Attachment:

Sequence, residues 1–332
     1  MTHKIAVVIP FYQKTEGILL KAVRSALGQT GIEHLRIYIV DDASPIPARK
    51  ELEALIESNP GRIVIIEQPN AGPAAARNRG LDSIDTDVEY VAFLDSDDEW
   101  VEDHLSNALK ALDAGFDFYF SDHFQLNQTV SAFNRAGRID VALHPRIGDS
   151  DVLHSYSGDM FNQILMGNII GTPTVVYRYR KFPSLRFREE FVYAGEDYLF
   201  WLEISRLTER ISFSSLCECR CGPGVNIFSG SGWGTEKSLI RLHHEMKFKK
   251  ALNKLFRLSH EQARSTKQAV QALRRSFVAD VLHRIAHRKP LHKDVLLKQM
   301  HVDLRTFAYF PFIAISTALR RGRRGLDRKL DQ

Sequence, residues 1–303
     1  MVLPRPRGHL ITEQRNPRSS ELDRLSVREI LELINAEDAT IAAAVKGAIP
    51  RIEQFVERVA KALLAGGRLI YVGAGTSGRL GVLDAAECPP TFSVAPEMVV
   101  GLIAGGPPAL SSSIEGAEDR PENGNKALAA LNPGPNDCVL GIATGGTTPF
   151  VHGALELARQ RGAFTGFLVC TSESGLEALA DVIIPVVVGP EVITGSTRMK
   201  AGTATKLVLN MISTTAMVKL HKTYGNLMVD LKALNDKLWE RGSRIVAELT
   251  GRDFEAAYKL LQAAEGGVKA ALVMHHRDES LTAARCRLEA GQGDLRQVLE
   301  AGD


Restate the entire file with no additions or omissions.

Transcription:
Sequence, residues 1–332
     1  MTHKIAVVIP FYQKTEGILL KAVRSALGQT GIEHLRIYIV DDASPIPARK
    51  ELEALIESNP GRIVIIEQPN AGPAAARNRG LDSIDTDVEY VAFLDSDDEW
   101  VEDHLSNALK ALDAGFDFYF SDHFQLNQTV SAFNRAGRID VALHPRIGDS
   151  DVLHSYSGDM FNQILMGNII GTPTVVYRYR KFPSLRFREE FVYAGEDYLF
   201  WLEISRLTER ISFSSLCECR CGPGVNIFSG SGWGTEKSLI RLHHEMKFKK
   251  ALNKLFRLSH EQARSTKQAV QALRRSFVAD VLHRIAHRKP LHKDVLLKQM
   301  HVDLRTFAYF PFIAISTALR RGRRGLDRKL DQ

Sequence, residues 1–303
     1  MVLPRPRGHL ITEQRNPRSS ELDRLSVREI LELINAEDAT IAAAVKGAIP
    51  RIEQFVERVA KALLAGGRLI YVGAGTSGRL GVLDAAECPP TFSVAPEMVV
   101  GLIAGGPPAL SSSIEGAEDR PENGNKALAA LNPGPNDCVL GIATGGTTPF
   151  VHGALELARQ RGAFTGFLVC TSESGLEALA DVIIPVVVGP EVITGSTRMK
   201  AGTATKLVLN MISTTAMVKL HKTYGNLMVD LKALNDKLWE RGSRIVAELT
   251  GRDFEAAYKL LQAAEGGVKA ALVMHHRDES LTAARCRLEA GQGDLRQVLE
   301  AGD